Born Queer into a Tamil-Sri Lankan Hindu family and raised by Hip Hop
Written and Performed by D’Lo
Directed by Adelina Anthony
All Instrumental Tracks by D’Lo
“Queer Hindu Hip Hop – These 3 things make me but don’t allow for one another. This is my attempt at fusing these elements of my being (and my imaginary friends) onto the stage.”
Weaving personal stories through poetry, music, comedy and video, D’Lo also presents a parade of characters, real and imaginary. These diverse, flawed characters come to share their stories — exploring contradictions of existing in America where one’s immigrant traditions and culture are constantly challenged; battling against ignorance, even in friendships and relationships; and finally, reflecting stories of love that show D’Lo’s belief that “you can’t call yourself a revolutionary if you have a problem being nice.”
Ramble-Ations: A One D’Lo Show is a National Performance Network Creation Fund Project co commissioned by New World Theatre in partnership with Pangea World Theater and the National Performance Network. NPN and the NPN Creation Fund is sponsored by the Doris Duke Charitable Foundation, Ford Foundation, Nathan Cummings Foundation, Altria, and the National Endowment for the Arts (a federal agency). More information at www.npnweb.org.
This particular production was made possible with generous support from the Durfee Foundation.
“Impressive versatility…” – NYTheatre.com
“Ramble-Ations…takes us on a cultural and gender journey that has never been explored in quite this way.” – Richard Dodds, Bay Area Reporter Full Review »
“D’Lo’s humor, pathos, and d’lightful d’meanor keep the audience engaged at all times.” – Mike Ward, Bay Times Full Review »
These are some of the characters from Ramble-Ations:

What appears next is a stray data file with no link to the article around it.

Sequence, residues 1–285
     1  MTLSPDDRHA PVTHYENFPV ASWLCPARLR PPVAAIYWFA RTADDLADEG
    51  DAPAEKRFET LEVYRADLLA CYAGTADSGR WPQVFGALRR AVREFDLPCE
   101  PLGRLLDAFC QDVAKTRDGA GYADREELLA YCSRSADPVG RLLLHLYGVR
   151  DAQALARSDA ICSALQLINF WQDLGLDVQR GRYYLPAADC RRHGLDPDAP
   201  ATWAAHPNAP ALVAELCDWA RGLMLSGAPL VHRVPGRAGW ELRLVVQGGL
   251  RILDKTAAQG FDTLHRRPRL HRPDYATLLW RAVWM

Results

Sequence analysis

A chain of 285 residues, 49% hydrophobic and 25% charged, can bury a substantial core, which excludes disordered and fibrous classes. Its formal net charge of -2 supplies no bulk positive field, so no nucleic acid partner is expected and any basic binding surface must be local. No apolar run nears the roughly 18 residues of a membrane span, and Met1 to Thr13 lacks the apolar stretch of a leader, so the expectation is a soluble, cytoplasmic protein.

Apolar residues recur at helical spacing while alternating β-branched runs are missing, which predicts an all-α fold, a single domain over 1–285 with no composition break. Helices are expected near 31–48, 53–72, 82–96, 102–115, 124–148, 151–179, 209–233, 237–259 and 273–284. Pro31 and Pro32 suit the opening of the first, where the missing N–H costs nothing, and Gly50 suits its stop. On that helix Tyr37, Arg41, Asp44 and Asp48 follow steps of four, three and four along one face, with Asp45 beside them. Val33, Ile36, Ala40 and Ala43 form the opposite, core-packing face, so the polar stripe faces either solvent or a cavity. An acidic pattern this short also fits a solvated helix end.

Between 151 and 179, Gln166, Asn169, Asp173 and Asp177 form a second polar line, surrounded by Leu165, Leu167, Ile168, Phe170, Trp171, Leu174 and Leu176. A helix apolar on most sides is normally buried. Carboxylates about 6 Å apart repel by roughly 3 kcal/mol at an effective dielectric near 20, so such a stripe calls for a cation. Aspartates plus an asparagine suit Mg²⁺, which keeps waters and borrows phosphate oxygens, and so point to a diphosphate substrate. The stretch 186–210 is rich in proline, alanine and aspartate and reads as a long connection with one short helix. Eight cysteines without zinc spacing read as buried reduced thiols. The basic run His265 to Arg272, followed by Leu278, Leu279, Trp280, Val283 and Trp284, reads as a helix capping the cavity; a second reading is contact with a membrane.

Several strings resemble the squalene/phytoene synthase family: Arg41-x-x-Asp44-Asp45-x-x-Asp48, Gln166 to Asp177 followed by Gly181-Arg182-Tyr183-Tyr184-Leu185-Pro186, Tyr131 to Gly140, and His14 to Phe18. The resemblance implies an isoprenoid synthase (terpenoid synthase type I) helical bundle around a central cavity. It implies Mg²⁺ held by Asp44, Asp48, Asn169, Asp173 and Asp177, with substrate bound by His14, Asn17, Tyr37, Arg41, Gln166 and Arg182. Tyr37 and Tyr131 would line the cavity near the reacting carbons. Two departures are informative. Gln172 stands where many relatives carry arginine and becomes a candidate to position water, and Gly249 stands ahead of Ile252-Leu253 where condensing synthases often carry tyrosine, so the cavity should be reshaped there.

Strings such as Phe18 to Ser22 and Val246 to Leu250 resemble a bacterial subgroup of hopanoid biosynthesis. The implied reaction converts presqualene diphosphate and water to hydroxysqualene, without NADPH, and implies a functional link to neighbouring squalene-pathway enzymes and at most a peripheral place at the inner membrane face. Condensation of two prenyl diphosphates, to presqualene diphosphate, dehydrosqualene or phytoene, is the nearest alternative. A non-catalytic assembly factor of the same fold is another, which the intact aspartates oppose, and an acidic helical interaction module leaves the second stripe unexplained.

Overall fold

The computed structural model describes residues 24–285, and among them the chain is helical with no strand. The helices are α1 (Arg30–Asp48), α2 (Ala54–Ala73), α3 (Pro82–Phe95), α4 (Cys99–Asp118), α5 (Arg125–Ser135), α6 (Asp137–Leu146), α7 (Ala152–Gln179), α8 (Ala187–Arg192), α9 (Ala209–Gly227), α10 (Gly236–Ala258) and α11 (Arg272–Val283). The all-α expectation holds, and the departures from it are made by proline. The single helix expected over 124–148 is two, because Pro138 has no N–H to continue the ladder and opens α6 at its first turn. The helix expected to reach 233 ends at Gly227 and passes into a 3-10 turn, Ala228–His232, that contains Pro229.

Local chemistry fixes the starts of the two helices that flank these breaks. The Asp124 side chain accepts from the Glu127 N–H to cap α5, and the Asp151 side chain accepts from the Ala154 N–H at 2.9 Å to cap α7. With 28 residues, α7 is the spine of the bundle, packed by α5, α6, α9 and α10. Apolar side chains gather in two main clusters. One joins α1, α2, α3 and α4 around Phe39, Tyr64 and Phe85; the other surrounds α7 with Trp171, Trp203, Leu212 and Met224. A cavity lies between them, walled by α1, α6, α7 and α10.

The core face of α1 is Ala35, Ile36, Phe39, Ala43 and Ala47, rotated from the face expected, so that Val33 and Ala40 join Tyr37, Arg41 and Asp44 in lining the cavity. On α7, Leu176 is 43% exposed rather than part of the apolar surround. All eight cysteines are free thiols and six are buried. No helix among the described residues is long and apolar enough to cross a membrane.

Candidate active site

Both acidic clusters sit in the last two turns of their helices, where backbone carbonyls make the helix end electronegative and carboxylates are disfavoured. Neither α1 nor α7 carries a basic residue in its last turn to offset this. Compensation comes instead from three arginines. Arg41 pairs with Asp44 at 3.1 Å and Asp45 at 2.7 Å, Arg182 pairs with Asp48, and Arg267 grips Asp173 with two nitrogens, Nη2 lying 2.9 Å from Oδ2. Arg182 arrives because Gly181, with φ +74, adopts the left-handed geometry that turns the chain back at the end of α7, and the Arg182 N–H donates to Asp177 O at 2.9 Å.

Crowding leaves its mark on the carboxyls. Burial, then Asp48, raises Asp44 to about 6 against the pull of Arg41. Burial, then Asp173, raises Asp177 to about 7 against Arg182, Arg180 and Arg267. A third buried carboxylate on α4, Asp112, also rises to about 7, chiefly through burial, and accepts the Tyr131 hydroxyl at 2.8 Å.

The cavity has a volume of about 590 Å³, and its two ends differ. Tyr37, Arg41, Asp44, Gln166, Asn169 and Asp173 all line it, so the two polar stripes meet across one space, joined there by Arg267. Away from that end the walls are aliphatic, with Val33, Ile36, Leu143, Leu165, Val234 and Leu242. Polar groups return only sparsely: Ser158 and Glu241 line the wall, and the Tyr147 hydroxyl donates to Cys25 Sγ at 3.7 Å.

This is a quick transition into one of my characters…
who happens to be based on my very own “Amma” (mother):
As America debates the state of its borders and threat of mass immigration, Ramble-Ations reminds us of the cultural tensions and synergies that define and affirm us as a nation. Performance/Theater artist D’Lo grew up queer in a Hindu Sri Lankan family in Los Angeles County while immersed in Hip Hop youth culture. This potpourri of influences, often at odds with each other, serves as the basis for the uproarious parade of personalities D’Lo brings to the stage.
“Queer Hindu Hip Hop–these three things make me but don’t allow for one another. This is my attempt at fusing these elements of my being (and my imaginary friends) onto the stage,” D’Lo remarks. D’Lo’s concerns are both deeply personal and universal. In small, delicate strokes, D reflects upon what it means to be a person of color, to be queer, and to be from an immigrant minority. In the broader composition, D’Lo raises a much larger question about what it means to live in America, where one’s national, ethnic, and cultural lineage is constantly challenged by assimilation and normalization. These conflicts arise in confrontations with popular culture, as well as in friendships and familial relationships.
The ever versatile D’Lo plays all roles in this struggle, deftly shifting from hyper-emotional American princess to a reincarnated Mahatma Gandhi. With the introduction of each new character, we spiral closer to D’Lo’s core, while simultaneously expanding outward to an ever widening portrait of contemporary American life. Along the bumpy road of Ramble-Ations, we meet D’Lo’s bemused and befuddled Amma (mother). She quizzically probes at her daughter’s sexuality and assimilation into American life, recalling: “In 1999 my daughter told me she was ‘a gay’. Then, she further explained that not only is she ‘a gay’, she is feeling like a little boy trapped in a woman’s body. I tell you, we should have never left Sri Lanka!”
The diverse cast could serve as the basis of a variety show or sit-com, butting up against each other in hilarious succession. D’Lo, their common vessel, stitches each element of this patchwork to the adjoining square, producing a colorful quilt, with more than a few mismatched patterns.
But perhaps the most poignant role D’Lo plays is D’Lo’s everyday self, eloquently speaking about coming out to family and carving a place in the world as D’Lo moves from youth to adulthood. Spiritual crises meet the banality of daily life as D’Lo asks who s/he is and who s/he will become. We eagerly await the answers from this “One D’Lo’s” artistic imagination.
- Santa Monica, CA: Miles Memorial Playhouse, May 13-23
- San Francisco, CA: Brava Theater Center, March 17-April 3
- New Orleans, LA: Ashe Cultural Center
- Los Angeles, CA: Highways Performing Arts Space
- Minneapolis, MN: Pangea World Theater
- Philadelphia, PA: Painted Bride
- New York, NY: The Flea Theater (as part of the National Asian American Theater Festival)
- Amherst, MA: New World Theater